I remember the first day of my new job pretty vividly. It was my first full time software engineering gig out of college, and I was pretty excited. I showed up early, and after getting all of the HR stuff finished, I was escorted to my desk. Once in the office, I was greeted with surprised eyes by my team. “We weren’t expecting you till Wednesday” my manager said. Thankfully IT had provided me with a computer, so I spared no time setting myself up. Once I had myself all situated, I asked my manager what I should work one. “Well, I don’t have anything planed for you yet, so I think you should do some code reviews”. What?! Code review? Me? Although you’d never be able to tell from my smiling enthusiastic face, I was kinda nervous. Reviewing my coworkers code (mostly Senior/Staff Engineers mind you) was quite the daunting task, and I’ll admit, I wasn’t completely sure where to start.
Which leads me to this post How to Code Review, or more specifically, _How I Code Review._ This is a general guide that I’ve created for myself to help better evaluate my peers code (or any code for that matter). It’s by no means an exhaustive list, nor is it meant to be, rather, it’s a high level criteria that I believe captures the very core of what peer reviewing is intended for.
Compile/Run the code This one seems rather trivial, but it’s a critical step. There have been numerous occasions where a file wasn’t committed, or dependencies weren’t updated, and the code fails to compile/run. The old “it works on my machine” doesn’t usually fly with management either.
Make sure the code adheres to the acceptance criteria I’d argue that most code written has an intended purpose, and especially in the agile world, tickets have acceptance criteria (AC). It’s important to make sure that the code you’re reviewing meets all of the AC’s. This verifies that the code is accomplishing what it was intended fore.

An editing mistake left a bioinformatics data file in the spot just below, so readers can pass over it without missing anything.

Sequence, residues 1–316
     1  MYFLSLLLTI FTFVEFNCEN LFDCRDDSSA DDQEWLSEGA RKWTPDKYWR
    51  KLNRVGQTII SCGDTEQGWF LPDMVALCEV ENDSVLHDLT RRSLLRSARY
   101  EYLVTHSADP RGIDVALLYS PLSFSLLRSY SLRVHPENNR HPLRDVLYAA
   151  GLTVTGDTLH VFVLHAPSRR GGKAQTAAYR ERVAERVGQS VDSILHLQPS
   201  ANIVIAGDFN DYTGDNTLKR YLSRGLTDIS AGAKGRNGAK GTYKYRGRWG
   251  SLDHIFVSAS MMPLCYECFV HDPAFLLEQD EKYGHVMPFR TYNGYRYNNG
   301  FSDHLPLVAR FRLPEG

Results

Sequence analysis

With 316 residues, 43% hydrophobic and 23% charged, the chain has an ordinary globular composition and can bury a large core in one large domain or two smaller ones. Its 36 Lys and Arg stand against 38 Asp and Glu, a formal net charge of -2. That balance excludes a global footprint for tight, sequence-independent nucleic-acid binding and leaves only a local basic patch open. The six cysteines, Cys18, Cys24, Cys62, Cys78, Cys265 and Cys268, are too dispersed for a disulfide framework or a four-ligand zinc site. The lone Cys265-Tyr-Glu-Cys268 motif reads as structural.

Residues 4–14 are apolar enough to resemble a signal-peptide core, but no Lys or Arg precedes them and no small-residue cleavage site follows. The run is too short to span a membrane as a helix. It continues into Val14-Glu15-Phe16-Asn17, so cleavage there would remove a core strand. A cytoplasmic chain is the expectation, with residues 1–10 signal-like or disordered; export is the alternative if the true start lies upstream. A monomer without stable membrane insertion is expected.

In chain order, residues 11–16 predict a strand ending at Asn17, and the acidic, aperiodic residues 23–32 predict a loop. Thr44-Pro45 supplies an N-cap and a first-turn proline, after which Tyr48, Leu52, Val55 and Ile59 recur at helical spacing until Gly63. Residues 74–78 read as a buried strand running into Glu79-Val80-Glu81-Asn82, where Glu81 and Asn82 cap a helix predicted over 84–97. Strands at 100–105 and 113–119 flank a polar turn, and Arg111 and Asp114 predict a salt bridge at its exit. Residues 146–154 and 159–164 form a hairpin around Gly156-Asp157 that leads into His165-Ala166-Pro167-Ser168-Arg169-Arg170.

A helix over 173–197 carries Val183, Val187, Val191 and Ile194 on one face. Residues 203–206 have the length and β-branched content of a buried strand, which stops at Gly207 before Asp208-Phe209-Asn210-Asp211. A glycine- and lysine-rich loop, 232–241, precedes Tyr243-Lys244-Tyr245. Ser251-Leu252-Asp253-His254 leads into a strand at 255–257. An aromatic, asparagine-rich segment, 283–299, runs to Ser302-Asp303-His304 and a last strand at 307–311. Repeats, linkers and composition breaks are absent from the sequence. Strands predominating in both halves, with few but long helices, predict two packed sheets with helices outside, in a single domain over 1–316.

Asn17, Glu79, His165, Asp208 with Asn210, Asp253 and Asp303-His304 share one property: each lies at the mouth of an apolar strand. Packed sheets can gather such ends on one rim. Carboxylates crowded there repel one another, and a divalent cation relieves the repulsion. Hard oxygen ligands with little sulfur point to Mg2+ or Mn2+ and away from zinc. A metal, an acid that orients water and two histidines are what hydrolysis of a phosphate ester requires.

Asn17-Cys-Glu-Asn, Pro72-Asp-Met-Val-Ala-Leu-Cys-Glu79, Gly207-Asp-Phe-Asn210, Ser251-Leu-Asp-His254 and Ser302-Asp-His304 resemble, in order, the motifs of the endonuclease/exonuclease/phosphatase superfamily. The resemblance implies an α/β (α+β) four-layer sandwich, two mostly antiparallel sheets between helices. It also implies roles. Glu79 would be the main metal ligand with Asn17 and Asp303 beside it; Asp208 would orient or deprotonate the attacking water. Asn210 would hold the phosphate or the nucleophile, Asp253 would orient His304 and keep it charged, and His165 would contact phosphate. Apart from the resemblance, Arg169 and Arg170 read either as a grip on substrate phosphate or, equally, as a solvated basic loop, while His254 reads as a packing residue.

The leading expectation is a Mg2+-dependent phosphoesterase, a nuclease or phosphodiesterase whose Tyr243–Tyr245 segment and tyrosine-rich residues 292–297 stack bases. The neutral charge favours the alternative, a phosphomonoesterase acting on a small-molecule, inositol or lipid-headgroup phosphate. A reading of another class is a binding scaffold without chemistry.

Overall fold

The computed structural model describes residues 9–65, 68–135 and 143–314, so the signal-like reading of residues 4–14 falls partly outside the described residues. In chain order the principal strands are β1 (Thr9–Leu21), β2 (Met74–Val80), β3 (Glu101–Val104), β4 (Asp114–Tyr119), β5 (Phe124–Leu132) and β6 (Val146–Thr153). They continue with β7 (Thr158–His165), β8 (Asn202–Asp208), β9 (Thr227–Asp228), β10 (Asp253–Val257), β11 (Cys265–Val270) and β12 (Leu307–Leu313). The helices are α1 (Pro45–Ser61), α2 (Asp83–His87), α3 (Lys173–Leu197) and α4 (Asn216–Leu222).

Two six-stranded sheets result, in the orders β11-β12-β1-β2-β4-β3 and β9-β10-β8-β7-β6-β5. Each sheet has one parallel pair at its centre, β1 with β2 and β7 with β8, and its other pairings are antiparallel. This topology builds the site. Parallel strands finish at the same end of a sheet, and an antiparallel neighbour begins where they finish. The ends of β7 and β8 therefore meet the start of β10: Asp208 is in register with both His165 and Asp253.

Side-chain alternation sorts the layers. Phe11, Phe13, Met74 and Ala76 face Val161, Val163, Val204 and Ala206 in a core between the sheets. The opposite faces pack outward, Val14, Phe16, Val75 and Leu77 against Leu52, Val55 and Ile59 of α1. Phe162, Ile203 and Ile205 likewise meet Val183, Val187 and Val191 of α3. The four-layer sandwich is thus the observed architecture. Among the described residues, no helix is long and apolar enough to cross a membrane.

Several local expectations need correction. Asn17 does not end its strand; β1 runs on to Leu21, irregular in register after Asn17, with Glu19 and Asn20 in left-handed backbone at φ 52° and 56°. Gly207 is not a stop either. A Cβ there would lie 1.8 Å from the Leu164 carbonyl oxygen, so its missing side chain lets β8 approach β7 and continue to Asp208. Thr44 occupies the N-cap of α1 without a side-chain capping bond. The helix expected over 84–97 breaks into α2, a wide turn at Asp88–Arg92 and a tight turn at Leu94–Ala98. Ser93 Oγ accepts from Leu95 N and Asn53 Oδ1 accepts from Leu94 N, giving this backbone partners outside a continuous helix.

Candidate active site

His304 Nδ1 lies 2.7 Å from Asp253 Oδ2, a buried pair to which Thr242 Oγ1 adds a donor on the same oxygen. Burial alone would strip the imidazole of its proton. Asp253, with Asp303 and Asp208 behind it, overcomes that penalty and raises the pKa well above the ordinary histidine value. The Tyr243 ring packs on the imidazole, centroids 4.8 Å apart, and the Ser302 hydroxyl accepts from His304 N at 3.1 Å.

Make sure all the tests are running green Tests are the first wall of defense when it comes to catching bugs. If new code enters the system and breaks existing tests, something isn’t right. Run the tests locally, and in any other environment to ensure incoming changes don’t break anything. And if the new code doesn’t have any test coverage, politely ask for some :)
Test in different environments Depending on the nature of the project this might not be feasible. If your project is designed for a specific environment, then ensure that it runs on 2 physically separate machines. This ensures that there isn’t some hidden dependencies within one environment (such as environment variables). For cross platform applications, try testing against a few different platforms. This doesn’t have to be full blown QA testing, and in fact it shouldn’t, but there have definite cases where I was able to catch a bugs because of platform discrepancies.
Play stupid user This more or less is just quick smoke testing. Try some valid inputs, try some invalid input, try to break the code. This isn’t meant to be in-depth, rather, the idea is to try inputs that might cause an error.
Look for code smells Code smells are pieces of code that indicate rotten code. Generally they are small things, but over time they grow until your code base becomes unmaintainable. When reviewing code, be on the alert for such code smells. Who knows, in the future, you might have to make modification to the same code, and it’s no fun cleaning up someone else’s mess.
Don’t be a know it all No one likes a know it all, plus chances are you aren’t anyways. If there is a good reason for making a change, let it be know. If you’re unsure why something was implemented that way, simply ask. Don’t assume that your solution is better. In the event that there is a better way of doing something, educate the user. In the end, the knowledge gained from the code review will only benefit and grow the dev team
Some other things to consider It’s always a good idea to remember why code review is done. Not only are you an additional set of eyes looking over and evaluating code, but you’re informing yourself of what changes have been made to code base. Spend a decent amount of time looking over the code. There are dozens of times I’ve spent over an hour on a single PR, only to approve it and continue on. The hour wasn’t wasted, it was spent ensuring that the code entering production adhered to the standard set forth by the engineering team. Don’t be hasty to rush through someone else’s code, it helps no one. At the end of the day, all the engineers are responsible for the code base, new code is just as much my responsibility as the one who wrote it.
1) Compile/Run Code
2) Make sure the code does what it needs to
3) Make sure tests run successfully
4) Test in a few different environments
5) Read and understand the changes
6) Look for improvements and code smells
7) Be nice